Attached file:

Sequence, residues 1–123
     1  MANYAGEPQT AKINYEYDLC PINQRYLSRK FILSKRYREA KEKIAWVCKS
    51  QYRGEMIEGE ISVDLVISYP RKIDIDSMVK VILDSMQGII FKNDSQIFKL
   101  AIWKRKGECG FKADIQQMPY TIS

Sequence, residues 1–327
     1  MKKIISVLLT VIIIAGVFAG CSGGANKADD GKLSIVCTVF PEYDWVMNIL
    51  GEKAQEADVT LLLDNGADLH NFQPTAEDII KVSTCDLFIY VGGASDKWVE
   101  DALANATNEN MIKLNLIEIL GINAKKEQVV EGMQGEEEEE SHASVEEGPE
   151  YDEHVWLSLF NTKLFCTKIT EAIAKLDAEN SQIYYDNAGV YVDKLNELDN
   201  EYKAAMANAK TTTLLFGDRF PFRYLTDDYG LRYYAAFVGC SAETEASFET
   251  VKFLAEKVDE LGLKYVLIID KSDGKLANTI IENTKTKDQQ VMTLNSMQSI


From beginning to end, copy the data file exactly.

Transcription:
Sequence, residues 1–123
     1  MANYAGEPQT AKINYEYDLC PINQRYLSRK FILSKRYREA KEKIAWVCKS
    51  QYRGEMIEGE ISVDLVISYP RKIDIDSMVK VILDSMQGII FKNDSQIFKL
   101  AIWKRKGECG FKADIQQMPY TIS

Sequence, residues 1–327
     1  MKKIISVLLT VIIIAGVFAG CSGGANKADD GKLSIVCTVF PEYDWVMNIL
    51  GEKAQEADVT LLLDNGADLH NFQPTAEDII KVSTCDLFIY VGGASDKWVE
   101  DALANATNEN MIKLNLIEIL GINAKKEQVV EGMQGEEEEE SHASVEEGPE
   151  YDEHVWLSLF NTKLFCTKIT EAIAKLDAEN SQIYYDNAGV YVDKLNELDN
   201  EYKAAMANAK TTTLLFGDRF PFRYLTDDYG LRYYAAFVGC SAETEASFET
   251  VKFLAEKVDE LGLKYVLIID KSDGKLANTI IENTKTKDQQ VMTLNSMQSI